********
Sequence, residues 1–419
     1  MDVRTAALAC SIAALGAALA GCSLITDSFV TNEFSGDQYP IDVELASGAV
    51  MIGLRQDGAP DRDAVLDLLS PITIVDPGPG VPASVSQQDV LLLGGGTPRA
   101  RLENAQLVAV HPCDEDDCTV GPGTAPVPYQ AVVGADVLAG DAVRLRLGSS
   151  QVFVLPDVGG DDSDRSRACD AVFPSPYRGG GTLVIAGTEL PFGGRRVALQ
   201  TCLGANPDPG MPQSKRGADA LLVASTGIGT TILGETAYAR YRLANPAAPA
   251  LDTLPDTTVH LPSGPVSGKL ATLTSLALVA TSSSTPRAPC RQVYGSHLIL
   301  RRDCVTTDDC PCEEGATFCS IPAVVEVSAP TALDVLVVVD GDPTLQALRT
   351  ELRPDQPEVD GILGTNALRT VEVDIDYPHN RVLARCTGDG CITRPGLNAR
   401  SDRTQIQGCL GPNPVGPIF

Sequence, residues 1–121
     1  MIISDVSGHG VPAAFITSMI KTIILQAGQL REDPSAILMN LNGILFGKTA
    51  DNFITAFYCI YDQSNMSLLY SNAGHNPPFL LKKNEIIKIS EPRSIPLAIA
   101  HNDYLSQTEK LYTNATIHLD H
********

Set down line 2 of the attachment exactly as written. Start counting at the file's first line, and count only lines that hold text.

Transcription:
     1  MDVRTAALAC SIAALGAALA GCSLITDSFV TNEFSGDQYP IDVELASGAV